Changes in splenic volume after partial splenic embolization in children

Yasuhiro Watanabe, Takuji Todani, Takuo Noda

Research output: Contribution to journalArticle

17 Citations (Scopus)

Abstract

Aim: The authors studied changes in splenic volume after partial splenic embolization (PSE) in children who bad thrombocytopenia caused by splenomegaly. Materials and Methods: Five children with hypersplenism (ages of 1, 6, 7, 10, and 14 years) underwent PSE. The follow-up period ranged from 1 month to 8 years g months. Whole and infarcted splenic volumes were measured from computed tomography images obtained before and after PSE. Results: Within 2 weeks after PSE, the whole splenic volume increased to 110% to 140% of the pre-PSE volume. The infarcted area disappeared 3 to 4 months after PSE, and the whole splenic volume decreased markedly. The decreased volume tended to be stable during the follow-up period. The splenic enlargement before PSE ranged from 7.2 to 14.2 times the standard splenic volume for a corresponding body weight. The splenic volume did not become normal after PSE; it remained between 2 and 7 times larger than standard. Platelet counts stayed above 10 x 104/mm3 when the splenic volume reduced to 2 times the standard volume. Conclusion: The first 4 weeks after PSE is the most dangerous period for the development of splenic rupture because of marked expansion of the splenic capsule. The infarcted parenchyma is absorbed 3 to 4 months after PSE, and the whole splenic volume is reduced. Thereafter, the splenic volume is stable for several years. Reembolization is not likely to be necessary in the majority of patients who have bad splenic embolization with an infarction rate of ≥80%.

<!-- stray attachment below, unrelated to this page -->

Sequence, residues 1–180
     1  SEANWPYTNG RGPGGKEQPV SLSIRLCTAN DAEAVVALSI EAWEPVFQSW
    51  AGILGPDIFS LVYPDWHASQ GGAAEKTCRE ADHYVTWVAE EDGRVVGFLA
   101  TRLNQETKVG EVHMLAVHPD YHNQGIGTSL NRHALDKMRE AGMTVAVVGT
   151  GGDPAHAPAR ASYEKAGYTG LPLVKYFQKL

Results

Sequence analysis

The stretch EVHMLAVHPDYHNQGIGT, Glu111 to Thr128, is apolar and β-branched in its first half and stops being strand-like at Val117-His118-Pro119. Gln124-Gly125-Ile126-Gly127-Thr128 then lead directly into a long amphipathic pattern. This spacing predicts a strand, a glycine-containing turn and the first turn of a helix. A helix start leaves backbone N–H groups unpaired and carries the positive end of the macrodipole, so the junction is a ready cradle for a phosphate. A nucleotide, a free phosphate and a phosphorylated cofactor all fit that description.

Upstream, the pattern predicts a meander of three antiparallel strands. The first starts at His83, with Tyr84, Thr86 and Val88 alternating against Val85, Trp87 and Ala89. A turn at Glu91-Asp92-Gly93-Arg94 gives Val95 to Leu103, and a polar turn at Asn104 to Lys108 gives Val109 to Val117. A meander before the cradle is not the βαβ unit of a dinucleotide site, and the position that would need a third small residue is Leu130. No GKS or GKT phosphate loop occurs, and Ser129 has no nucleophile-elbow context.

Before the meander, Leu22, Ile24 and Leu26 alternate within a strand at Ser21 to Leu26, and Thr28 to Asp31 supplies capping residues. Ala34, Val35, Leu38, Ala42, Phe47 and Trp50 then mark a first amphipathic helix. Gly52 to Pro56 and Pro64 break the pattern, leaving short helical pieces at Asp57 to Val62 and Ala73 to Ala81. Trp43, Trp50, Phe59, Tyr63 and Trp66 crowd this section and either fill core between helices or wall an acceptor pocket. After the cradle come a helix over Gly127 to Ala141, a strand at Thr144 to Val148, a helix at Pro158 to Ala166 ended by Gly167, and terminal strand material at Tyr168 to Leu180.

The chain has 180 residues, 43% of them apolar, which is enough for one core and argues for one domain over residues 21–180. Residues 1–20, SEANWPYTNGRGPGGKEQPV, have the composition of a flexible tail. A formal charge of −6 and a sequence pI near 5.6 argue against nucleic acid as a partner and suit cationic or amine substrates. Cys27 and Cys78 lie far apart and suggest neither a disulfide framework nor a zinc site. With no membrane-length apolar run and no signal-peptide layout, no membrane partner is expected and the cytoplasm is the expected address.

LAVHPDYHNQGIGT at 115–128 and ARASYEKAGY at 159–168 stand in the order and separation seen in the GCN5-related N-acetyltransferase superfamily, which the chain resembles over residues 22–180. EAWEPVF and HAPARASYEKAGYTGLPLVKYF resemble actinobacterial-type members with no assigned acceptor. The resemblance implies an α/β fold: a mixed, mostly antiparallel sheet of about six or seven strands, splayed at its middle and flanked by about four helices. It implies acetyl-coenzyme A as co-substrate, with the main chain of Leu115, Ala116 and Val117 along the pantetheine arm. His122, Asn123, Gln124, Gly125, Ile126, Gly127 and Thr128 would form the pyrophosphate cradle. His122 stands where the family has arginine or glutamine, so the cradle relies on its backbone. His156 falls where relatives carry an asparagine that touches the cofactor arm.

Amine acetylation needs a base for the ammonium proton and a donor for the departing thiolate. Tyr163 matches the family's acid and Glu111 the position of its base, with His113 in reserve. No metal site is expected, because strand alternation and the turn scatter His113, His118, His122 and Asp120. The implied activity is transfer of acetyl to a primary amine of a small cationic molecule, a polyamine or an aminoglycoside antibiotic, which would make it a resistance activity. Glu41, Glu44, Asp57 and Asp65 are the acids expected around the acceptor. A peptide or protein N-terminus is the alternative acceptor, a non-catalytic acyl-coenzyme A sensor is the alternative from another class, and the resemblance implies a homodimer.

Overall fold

Original languageEnglish
Pages (from-to)241-244
Number of pages4
JournalJournal of Pediatric Surgery
Volume31
Issue number2
DOIs
Publication statusPublished - Feb 1996
Externally publishedYes

Keywords

  • Partial splenic embolization
  • hypersplenism
  • splenic volume

ASJC Scopus subject areas

  • Surgery
  • Pediatrics, Perinatology, and Child Health

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